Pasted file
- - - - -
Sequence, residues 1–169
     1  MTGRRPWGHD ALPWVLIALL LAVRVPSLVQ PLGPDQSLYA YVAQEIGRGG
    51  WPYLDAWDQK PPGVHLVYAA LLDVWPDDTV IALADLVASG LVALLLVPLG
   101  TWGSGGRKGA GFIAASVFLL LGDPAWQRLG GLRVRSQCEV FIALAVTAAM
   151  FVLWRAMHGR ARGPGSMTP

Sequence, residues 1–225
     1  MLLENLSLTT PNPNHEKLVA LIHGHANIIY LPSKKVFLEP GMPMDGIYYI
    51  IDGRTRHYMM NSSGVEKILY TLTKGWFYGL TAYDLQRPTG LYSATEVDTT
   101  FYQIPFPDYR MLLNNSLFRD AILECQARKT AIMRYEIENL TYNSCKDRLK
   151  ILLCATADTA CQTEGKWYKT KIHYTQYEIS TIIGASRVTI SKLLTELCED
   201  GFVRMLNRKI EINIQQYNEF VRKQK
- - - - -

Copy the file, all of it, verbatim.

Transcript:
Sequence, residues 1–169
     1  MTGRRPWGHD ALPWVLIALL LAVRVPSLVQ PLGPDQSLYA YVAQEIGRGG
    51  WPYLDAWDQK PPGVHLVYAA LLDVWPDDTV IALADLVASG LVALLLVPLG
   101  TWGSGGRKGA GFIAASVFLL LGDPAWQRLG GLRVRSQCEV FIALAVTAAM
   151  FVLWRAMHGR ARGPGSMTP

Sequence, residues 1–225
     1  MLLENLSLTT PNPNHEKLVA LIHGHANIIY LPSKKVFLEP GMPMDGIYYI
    51  IDGRTRHYMM NSSGVEKILY TLTKGWFYGL TAYDLQRPTG LYSATEVDTT
   101  FYQIPFPDYR MLLNNSLFRD AILECQARKT AIMRYEIENL TYNSCKDRLK
   151  ILLCATADTA CQTEGKWYKT KIHYTQYEIS TIIGASRVTI SKLLTELCED
   201  GFVRMLNRKI EINIQQYNEF VRKQK